Foreign fund exemption. Exempting foreign funds owned or controlled by foreign affiliates of US or foreign banks from the definition of banking entity, and thus from the scope of the Volcker Rule.
Simplification or elimination of subjective proprietary trading tests. Revising or eliminating the "purpose test" for determining whether trading activity is proprietary trading and eliminating the presumption that positions held for less than 60 days constitute proprietary trading. The report notes that two of the three proprietary trading tests, namely the "market risk capital rule test" and the "status test," are linked to objective calculations and thus are more workable from a compliance perspective. In contrast, the purpose test requires a subjective assessment of trader intent and the 60-day presumption leads to excessive conservatism by banking entities unwilling to contradict the presumption even if short term trades of less than 60 days would not otherwise satisfy the test.
Increased market making flexibility. Giving banking entities flexibility in determining inventory of securities needed for market making and the ability of opt out of the "reasonably expected near term demand" or RENTD requirement entirely if the banking entity is fully hedged against "all significant risks arising from its inventory of that instrument." In making these recommendations, the report noted difficulties in forecasting demand and the belief that market making generally "does not pose the same risks as speculative proprietary trading."
Simplified hedging exemption. Monitoring interest rate, credit, market and other risks as part of standard business practice and hedging accordingly, rather than instituting a specific Volcker Rule hedging compliance program and satisfying the associated documentation requirements. In making this recommendation, the report noted that "[t]he Volcker Rule appropriately exempts risk-mitigating hedging transactions from the proprietary trading prohibition" but the compliance requirements are "unnecessarily burdensome."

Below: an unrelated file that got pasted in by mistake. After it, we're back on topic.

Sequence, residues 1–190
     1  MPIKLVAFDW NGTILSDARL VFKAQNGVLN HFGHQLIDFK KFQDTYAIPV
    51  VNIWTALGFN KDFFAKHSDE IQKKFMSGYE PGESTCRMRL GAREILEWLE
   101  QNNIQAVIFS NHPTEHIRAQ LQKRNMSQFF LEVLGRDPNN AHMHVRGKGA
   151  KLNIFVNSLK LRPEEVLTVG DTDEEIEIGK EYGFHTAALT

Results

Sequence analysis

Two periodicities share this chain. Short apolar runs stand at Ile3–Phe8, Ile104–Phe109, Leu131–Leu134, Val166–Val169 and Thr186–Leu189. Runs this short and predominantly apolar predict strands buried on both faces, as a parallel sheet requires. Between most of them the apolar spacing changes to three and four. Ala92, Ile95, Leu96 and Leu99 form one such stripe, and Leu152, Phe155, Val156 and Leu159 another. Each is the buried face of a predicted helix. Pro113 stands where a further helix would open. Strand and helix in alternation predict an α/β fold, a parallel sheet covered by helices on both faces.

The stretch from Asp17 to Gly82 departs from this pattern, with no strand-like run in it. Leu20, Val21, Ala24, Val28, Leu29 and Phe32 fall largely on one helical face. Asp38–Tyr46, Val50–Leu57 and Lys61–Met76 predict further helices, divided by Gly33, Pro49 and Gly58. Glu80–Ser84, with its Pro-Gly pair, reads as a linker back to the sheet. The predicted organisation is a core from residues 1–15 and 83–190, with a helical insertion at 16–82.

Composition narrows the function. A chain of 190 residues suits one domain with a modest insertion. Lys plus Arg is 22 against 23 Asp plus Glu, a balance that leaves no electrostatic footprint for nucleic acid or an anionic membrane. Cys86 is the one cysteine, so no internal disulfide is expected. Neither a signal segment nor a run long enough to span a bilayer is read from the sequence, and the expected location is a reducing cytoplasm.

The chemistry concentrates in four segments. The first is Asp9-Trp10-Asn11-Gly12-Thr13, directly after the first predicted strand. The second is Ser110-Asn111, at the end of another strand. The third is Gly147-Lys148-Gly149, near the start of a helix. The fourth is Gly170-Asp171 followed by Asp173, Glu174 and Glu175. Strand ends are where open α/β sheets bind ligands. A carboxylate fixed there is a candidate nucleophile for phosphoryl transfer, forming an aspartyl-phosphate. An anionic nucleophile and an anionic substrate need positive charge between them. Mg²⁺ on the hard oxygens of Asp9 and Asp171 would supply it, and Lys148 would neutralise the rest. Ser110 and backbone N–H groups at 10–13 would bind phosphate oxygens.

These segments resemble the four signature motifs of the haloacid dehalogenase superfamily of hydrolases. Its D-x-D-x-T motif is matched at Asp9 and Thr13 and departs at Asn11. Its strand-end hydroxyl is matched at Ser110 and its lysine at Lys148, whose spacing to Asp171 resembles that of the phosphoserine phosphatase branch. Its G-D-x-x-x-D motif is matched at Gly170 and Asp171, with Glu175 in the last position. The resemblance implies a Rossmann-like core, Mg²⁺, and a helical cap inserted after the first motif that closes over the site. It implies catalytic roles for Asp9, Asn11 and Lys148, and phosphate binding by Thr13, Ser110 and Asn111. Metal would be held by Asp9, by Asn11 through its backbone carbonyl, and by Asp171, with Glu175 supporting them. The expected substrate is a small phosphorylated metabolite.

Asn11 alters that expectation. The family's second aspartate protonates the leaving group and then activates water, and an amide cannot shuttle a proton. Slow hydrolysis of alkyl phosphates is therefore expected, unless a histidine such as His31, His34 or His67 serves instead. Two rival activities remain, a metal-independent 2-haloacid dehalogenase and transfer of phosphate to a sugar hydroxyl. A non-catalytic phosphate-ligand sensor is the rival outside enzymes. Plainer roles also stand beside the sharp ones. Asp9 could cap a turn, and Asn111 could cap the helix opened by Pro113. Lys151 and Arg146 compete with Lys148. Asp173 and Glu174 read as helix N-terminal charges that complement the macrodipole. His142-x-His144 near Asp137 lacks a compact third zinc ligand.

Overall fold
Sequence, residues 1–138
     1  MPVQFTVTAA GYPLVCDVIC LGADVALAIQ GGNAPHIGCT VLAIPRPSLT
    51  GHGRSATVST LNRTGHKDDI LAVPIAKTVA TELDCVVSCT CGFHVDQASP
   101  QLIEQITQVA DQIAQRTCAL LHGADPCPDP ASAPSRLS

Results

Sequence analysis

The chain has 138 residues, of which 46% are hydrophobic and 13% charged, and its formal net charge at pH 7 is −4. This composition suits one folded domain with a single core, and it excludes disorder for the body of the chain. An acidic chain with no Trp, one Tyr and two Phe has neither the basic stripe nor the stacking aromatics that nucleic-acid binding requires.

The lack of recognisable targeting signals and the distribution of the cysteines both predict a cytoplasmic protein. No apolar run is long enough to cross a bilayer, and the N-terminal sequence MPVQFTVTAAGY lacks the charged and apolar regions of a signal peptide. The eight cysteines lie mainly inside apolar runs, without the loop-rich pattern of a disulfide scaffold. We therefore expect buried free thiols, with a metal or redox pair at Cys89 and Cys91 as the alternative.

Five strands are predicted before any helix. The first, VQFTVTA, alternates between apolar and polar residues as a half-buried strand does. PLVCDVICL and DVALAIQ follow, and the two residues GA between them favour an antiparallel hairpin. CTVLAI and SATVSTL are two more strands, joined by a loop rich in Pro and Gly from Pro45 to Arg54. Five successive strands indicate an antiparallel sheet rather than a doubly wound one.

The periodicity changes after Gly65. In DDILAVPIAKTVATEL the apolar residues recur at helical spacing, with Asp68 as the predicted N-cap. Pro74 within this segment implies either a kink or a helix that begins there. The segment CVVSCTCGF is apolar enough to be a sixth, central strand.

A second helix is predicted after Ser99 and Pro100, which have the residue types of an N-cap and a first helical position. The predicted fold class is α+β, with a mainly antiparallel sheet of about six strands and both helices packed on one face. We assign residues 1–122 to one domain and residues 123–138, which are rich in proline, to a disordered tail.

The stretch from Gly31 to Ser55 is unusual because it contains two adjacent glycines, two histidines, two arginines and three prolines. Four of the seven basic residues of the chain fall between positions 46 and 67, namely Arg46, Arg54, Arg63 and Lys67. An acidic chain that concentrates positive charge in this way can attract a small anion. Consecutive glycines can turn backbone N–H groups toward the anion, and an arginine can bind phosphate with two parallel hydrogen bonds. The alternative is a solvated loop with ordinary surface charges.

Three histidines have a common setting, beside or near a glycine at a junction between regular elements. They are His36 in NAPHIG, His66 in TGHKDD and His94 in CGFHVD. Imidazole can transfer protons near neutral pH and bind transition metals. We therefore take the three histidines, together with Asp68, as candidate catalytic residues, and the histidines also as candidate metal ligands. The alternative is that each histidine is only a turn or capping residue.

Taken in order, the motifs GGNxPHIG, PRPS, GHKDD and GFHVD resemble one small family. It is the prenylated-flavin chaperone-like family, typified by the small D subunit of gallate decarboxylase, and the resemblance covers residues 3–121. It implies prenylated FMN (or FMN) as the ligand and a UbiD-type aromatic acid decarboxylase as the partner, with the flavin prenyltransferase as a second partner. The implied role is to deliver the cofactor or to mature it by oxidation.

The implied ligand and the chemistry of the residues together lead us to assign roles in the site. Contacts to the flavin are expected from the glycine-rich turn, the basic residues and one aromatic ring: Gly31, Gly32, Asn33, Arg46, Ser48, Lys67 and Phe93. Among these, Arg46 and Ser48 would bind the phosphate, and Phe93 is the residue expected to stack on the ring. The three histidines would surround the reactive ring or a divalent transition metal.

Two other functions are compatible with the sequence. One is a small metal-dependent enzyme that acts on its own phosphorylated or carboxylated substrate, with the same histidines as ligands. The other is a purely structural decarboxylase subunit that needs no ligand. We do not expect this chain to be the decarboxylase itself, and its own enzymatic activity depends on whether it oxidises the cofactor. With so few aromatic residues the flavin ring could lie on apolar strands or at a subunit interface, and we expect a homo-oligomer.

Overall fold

Improved coordination among regulators. Mandating increased consistency and coordination among the five agencies responsible for enforcing the Volcker Rule. "The regulators' existing approach to coordination has not worked and, as a result, banks have had difficulty obtaining clear, consistent guidance. These agencies should ensure that their interpretive guidance and enforcement of the Volcker Rule is consistent and coordinated."
Limited definition of covered funds. Adopting a simple definition of a covered fund focused on the characteristics of hedge and private equity funds (the actual focus of Section 619 of the Dodd-Frank Act) rather than reliance on reference to the Investment Company Act. In making this recommendation, the report states that the current definition is overly broad and encompasses funds that are not hedge or private equity funds. It is possible such a change would clarify the inapplicability of the rule to certain CDO and other fund structures.
Extension of a covered fund’s seeding period. Extending the current seeding period for new funds from one to three years.
Allowing certain affiliated transactions with covered funds. Restoring the allowance for certain transactions between a banking entity and its covered funds that are otherwise permitted by Section 23A of the Federal Reserve Act between a bank and other affiliates.
Relaxation of fund naming restrictions. Allowing sponsored funds to share a name with banking entities other than the insured bank itself.